In real time
Masaan: Rise of the new middle India
The Neeraj Ghaywan-directed film certainly has left a deep impact on me as I suspect it will on the minds of most who watch it.
- Total Shares
Indian cinema, or specifically Hindi cinema (since my linguistic reach is limited), reflects change in our society, economy, lifestyles, attitudes and even sexuality more sharply than any analysis. Now it seems to have discovered small-town India much before pundits, sociologists and even politicians found it. You might say that my simplistic, impressionable non-filmy mind is blown away by watching Neeraj Ghaywan's brilliant, brilliant Masaan, which gets the pulse of small-town India as no other I have seen. It certainly has left a deep impact on me as I suspect it will on the minds of most who watch it. But it has only confirmed a trend which we saw emerge with Shaad Ali's Bunty Aur Babli and then mature in the following years with Omkara, Ishqiya, Love, Sex aur Dhokha, Dev D, Gangs of Wasseypur, NH 10 and now Masaan. Even in the relatively romantic category there's been Shuddh Desi Romance, Raanjhanaa, Ishaqzaade, Tanu Weds Manu and sequel and, at the blockbuster level, Dabangg and Rab Ne Bana Di Jodi. Over the past decade or so, therefore, small-town India has emerged as a sharply defined genre in Hindi cinema as much as the village used to be till the furious and frustrating '70s, when it yielded to the metro and the all-conquering angry young man.Rani Mukerji and Abhishek Bachchan (right) played con artists from small towns in Bunty Aur Babli.
Let us view this history of change through the lens of political economy. It is safe to say that the change today is the logical step ahead of what Dil Chahta Hai indicated in 2001. Exactly a decade after economic reform was launched, this was our first hit that unabashedly celebrated being rich. Until then, Hindi movies had reflected the popular politics of the period, which was to glorify poverty, to mock rich "Tata-Birla" types and keep hammering in the point that real joy, virtue and morality belonged to the poor. In that Farhan Akhtar film all three men were rich, spoilt, drove fancy cars, drank champagne, had equally rich girlfriends. In the usual Hindi film until then, one of them would have been the son of a widowed cleaning lady in the home of one of the other two, who would go to eat in her kitchen and tell her aunty, nobody can cook like you. But this was so strikingly unapologetic even the largely political "National Interest" had to take note of it ("Ah, the Sweet Smell of Poverty!", September 1, 2001). As a matter of fact, the expression "povertarian" I claim trademark on, grew out of reflecting on the film: Poverty is my birthright, but you shall have it. This was followed by more than a decade of cinema of the rich, often NRIs, peaking probably with Zindagi Na Milegi Dobara and Dil Dhadakne Do - a film unabashed about first world problems of the beautiful and the rich. If this is now yielding to the story of the small town, it tells us two things: one, that Hindi filmmakers have picked up change which some of us outdoors journalists have been calling the rise of aspirational India. And two, that the change that 1991 started, which helped us respect wealth and love our entrepreneurs in the following decade, is now, in the 25th year of that reform, trickling down into the small town and, by and large, also in the rapidly urbanising village.Dil Dhadakne Do - a film unabashed about first world problems of the beautiful and the rich.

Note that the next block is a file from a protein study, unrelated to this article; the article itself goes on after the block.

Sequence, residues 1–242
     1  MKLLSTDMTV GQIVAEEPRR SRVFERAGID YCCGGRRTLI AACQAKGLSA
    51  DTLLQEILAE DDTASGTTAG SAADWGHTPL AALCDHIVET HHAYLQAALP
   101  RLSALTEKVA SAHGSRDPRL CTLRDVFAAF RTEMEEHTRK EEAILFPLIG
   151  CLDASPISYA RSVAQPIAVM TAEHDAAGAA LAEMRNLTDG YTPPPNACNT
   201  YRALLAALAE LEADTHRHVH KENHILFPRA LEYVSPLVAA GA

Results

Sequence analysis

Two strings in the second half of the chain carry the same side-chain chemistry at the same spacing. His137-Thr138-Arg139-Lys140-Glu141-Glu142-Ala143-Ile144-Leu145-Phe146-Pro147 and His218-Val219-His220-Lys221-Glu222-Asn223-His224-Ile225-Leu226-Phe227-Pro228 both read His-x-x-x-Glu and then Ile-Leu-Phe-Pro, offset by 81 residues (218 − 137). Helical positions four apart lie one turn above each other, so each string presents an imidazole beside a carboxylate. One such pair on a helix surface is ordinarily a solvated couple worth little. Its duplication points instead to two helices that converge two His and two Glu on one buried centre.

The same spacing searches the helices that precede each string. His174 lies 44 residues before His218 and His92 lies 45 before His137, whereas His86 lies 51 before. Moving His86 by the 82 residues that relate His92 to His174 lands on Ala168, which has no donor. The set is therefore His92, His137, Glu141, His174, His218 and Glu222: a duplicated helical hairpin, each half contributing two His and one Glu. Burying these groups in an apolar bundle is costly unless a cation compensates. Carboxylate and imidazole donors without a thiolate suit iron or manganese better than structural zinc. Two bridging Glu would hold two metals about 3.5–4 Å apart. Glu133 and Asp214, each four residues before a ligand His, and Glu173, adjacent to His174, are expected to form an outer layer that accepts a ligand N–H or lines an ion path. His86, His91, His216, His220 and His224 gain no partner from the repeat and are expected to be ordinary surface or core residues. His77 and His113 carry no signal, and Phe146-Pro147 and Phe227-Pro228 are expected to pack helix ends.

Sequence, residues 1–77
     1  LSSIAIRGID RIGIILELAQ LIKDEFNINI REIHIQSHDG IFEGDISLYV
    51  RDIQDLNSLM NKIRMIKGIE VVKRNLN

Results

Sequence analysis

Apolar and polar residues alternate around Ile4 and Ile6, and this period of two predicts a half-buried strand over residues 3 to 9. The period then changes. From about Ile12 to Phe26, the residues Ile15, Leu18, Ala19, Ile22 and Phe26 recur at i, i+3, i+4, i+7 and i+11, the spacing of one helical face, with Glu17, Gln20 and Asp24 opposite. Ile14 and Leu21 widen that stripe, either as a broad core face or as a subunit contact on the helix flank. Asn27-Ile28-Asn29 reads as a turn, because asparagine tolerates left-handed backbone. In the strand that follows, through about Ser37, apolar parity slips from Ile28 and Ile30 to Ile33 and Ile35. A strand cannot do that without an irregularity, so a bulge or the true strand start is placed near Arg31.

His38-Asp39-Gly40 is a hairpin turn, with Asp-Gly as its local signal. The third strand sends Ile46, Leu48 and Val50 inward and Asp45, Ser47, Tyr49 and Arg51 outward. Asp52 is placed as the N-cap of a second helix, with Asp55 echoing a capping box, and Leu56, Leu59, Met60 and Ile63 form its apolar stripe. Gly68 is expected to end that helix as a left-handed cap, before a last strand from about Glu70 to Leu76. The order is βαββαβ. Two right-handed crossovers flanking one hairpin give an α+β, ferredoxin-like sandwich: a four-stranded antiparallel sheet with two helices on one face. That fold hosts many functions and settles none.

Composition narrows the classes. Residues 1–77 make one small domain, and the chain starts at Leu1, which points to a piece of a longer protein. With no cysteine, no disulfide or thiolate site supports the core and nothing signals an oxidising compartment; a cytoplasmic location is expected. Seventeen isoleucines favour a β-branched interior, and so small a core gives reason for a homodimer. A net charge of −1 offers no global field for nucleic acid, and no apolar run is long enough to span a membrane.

Without giving anything in the plot away, let me mention my favourite scene in Masaan. Richa Chadda, playing Devi Pathak, intense and aspirational daughter of an impoverished priest on the burning ghats of Varanasi, works as booking clerk at a railway station and freezes when a grungy urban boy-girl pair chat in front of her window if they should go some place and stay overnight together, and then ask for two tickets. Devi's resentful eyes look at her monitor which shows 26 empty seats and yet she tells them no, there are no seats left. She is poor, but educated, small-town but aspirational, knows something about the opprobrium and victimisation that would follow if she chose to spend even a couple of hours in intimacy with a boyfriend. This can be an old story in most of middle India. But now she won't accept it. This boy and girl, about her age, won't be given what she is denied because of where she comes from.Richa Chadha plays Devi in Masaan.